My goal for the coming year is to focus more on the things that are important to me: my favorite relationships, activities, qualities, and work. This blog is one of those things. 

I'd also like to take care of each day, well, each day, rather than letting things pile. But that's another story.

This is important to me because I have things I want to tell you, and this is the best way I know how to do it without clogging up your Twitter feeds. It's bothered me to have neglected this page, but perfectionism and overplanning (procrastination's sneaky predecessors) got the best of me for a while. For that reason I don't really have an outline or a path I plan to follow yet, which seems like a really good way to lose your interest right off the bat. For now, just know I plan to be here more. I plan to talk about things I care a lot about. I want to help. I think maybe I can.

You know what? I want to be at least one voice of calm and reassurance and rationality on the internet when it comes to food and nutrition. Of course, if you know me, you know I won't necessarily be calm about some of these things because I get frustrated with the nonsense that is mostly designed to sell products by making people feel worse about themselves. So sometimes, I guess I'll be the voice that say "NO STAHP YOU DON'T HAVE TO DO ALL THAT CRAZINESS!!!" 

Anyway, just please don't make any resolutions to do any cleanses this year.

That's all I got today. I started. Maybe I'll see you tomorrow.

Maybe I should've written this in my private moleskine instead of on my professional website. What do you think?
 
 
Amarillo, Texas is about a six hour drive from Dallas. I grew up in Amarillo. So did my husband. His family still lives there, so we make that drive a lot.

The thing about the drive between Amarillo and Dallas is that it's boring. It may seem quaint and charming to road trip across Texas and pass through all the small towns, but it's really not. It's flat, there's nothing to see, and the towns are made mostly of dust and tumbleweeds. For me, since John likes to do the driving now, the best thing about drive to Amarillo and back are the naps.

Several years ago, I actually stayed awake all the way back home after a visit to Amarillo. John and I talked about everything: the visit, his parents, nostalgia, what we love about Dallas, music, life, whatever...and then somehow we got onto donuts. Donuts! How great they are. How much we'd like to have a donut right now. How great it would be if there was a 24-hour donut shop in the middle of nowhere on 287 on a Sunday. Wouldn't that just be the best? Man, donuts would be so great right now. What a bummer we don't have any donuts.*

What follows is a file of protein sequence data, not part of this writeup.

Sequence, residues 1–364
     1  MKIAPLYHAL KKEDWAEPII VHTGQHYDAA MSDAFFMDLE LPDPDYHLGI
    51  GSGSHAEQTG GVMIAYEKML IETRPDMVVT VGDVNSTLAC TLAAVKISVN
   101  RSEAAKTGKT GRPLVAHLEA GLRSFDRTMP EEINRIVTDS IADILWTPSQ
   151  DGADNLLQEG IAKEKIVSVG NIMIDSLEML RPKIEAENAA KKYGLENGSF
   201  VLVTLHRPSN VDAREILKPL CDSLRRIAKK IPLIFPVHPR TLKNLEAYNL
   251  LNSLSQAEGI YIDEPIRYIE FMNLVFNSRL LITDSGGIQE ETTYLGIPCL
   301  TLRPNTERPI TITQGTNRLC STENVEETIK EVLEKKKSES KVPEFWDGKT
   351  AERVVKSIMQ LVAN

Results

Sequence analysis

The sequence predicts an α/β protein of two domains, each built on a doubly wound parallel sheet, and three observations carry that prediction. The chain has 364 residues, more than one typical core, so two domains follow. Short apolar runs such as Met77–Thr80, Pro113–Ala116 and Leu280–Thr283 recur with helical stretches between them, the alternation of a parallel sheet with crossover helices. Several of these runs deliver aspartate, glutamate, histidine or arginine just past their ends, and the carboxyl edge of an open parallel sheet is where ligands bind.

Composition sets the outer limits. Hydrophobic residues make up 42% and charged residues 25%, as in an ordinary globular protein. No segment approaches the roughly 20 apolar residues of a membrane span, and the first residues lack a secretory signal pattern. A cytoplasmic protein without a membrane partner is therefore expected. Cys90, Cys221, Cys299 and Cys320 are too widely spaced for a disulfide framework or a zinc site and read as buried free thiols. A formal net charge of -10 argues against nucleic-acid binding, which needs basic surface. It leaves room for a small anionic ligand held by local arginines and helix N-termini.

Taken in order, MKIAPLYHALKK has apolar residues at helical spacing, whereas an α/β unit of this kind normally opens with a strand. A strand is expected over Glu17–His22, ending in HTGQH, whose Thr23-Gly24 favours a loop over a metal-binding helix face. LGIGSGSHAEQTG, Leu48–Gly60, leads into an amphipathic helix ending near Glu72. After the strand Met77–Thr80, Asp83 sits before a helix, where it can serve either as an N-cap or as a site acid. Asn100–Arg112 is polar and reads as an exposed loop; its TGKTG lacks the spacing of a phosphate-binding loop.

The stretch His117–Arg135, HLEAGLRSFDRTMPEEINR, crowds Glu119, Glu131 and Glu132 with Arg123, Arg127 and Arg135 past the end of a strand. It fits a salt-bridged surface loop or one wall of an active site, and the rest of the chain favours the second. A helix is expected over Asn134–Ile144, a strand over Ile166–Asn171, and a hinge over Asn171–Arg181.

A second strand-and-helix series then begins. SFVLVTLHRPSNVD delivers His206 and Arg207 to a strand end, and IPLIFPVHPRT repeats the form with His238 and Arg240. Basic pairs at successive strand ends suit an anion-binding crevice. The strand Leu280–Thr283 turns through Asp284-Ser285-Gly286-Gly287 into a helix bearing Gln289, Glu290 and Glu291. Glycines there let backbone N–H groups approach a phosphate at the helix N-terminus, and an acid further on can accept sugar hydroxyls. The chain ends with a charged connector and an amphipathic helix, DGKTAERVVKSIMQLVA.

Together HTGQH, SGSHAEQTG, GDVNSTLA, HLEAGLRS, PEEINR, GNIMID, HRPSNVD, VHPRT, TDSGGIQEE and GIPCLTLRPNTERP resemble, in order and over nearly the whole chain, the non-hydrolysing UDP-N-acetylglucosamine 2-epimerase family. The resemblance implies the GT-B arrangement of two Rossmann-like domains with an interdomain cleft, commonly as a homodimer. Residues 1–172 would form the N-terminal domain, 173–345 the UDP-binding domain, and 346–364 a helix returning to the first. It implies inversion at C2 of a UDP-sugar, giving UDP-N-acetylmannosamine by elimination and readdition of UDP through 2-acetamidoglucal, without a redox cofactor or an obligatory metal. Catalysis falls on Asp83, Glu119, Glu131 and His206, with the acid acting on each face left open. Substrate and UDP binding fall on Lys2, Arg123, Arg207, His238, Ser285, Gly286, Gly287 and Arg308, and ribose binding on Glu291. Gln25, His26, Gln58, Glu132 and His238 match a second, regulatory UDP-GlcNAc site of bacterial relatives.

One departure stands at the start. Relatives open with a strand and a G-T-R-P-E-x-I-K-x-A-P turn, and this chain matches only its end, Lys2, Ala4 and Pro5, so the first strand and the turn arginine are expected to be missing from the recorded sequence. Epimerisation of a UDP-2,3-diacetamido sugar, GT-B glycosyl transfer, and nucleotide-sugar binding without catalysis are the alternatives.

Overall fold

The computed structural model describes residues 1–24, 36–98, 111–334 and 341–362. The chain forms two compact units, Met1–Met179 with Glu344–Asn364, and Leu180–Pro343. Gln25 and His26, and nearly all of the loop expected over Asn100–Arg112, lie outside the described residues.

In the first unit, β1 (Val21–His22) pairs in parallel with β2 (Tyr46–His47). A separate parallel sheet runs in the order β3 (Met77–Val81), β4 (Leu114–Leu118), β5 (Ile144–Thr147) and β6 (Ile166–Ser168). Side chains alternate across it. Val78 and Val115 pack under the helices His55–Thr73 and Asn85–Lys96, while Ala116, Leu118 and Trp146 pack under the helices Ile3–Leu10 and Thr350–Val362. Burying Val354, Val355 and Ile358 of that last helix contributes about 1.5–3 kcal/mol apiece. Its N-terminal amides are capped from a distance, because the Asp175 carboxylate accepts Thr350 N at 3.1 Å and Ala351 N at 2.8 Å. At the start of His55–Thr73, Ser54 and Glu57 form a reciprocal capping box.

Eventually we made it home. We opened the trunk and started pulling our stuff out to take inside, and there, under a pillow...was a box of donuts. A box we did not put there. We stared at each other in disbelief and amazement, and then we ate some donuts because that's just what you do when magic trunk donuts appear at the end of a road trip. Huzzah!

This felt like a revelation and so I've told the story many times since. It's turned into a parable for me. The lesson? What we need is usually nearby if we're just open to finding it. Look around. Pay attention. I've found it to be true many times since. Spirituality in the form of a donut. It seems important to mention I was actually not a dietitian yet.

Now for some real talk: My sister-in-law has triplets. They're 18 now, but at the time they were still children. With three small children, it is mandatory to own a minivan, which we borrowed to take the kids to do some fun aunt and uncle thing while we were in town. Meanwhile my sister-in-law had our car, which she took grocery shopping. It's a safe guess that she bought donuts and left them behind by mistake. Maybe we even started thinking about donuts because we could smell them, but not enough to notice consciously. Maybe my nephews were later blamed for the missing donuts, but we never brought it up to find out. Because donuts.

There is a perfectly reasonable explanation for where the donuts came from, but that doesn't really matter. In fact, for me it makes the story better. Donuts weren't magicked into our trunk; they were there all along. Our answers are too, but first we have to want them, then we have to pay attention and look for them. Otherwise they're just going stale in your trunk, unused and forgotten. 

I really like donuts.

*I promise we were not high. We are like this quite naturally.
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Outside of Voodoo Doughnuts in Portland, Oregon. Because for some reason, every dietitian has a cheesy picture of themselves eating. It's in the handbook and is considered mandatory.
 
 
Dear Rachael, hope all is good. 

Would love to get your advice about the book Wheat Belly, which denounces wheat as our enemy. 

Your views are balanced, and we both agree that evidence based medicine is better than extreme views and radical diets are hard to sustain. 

Best wishes for 2015!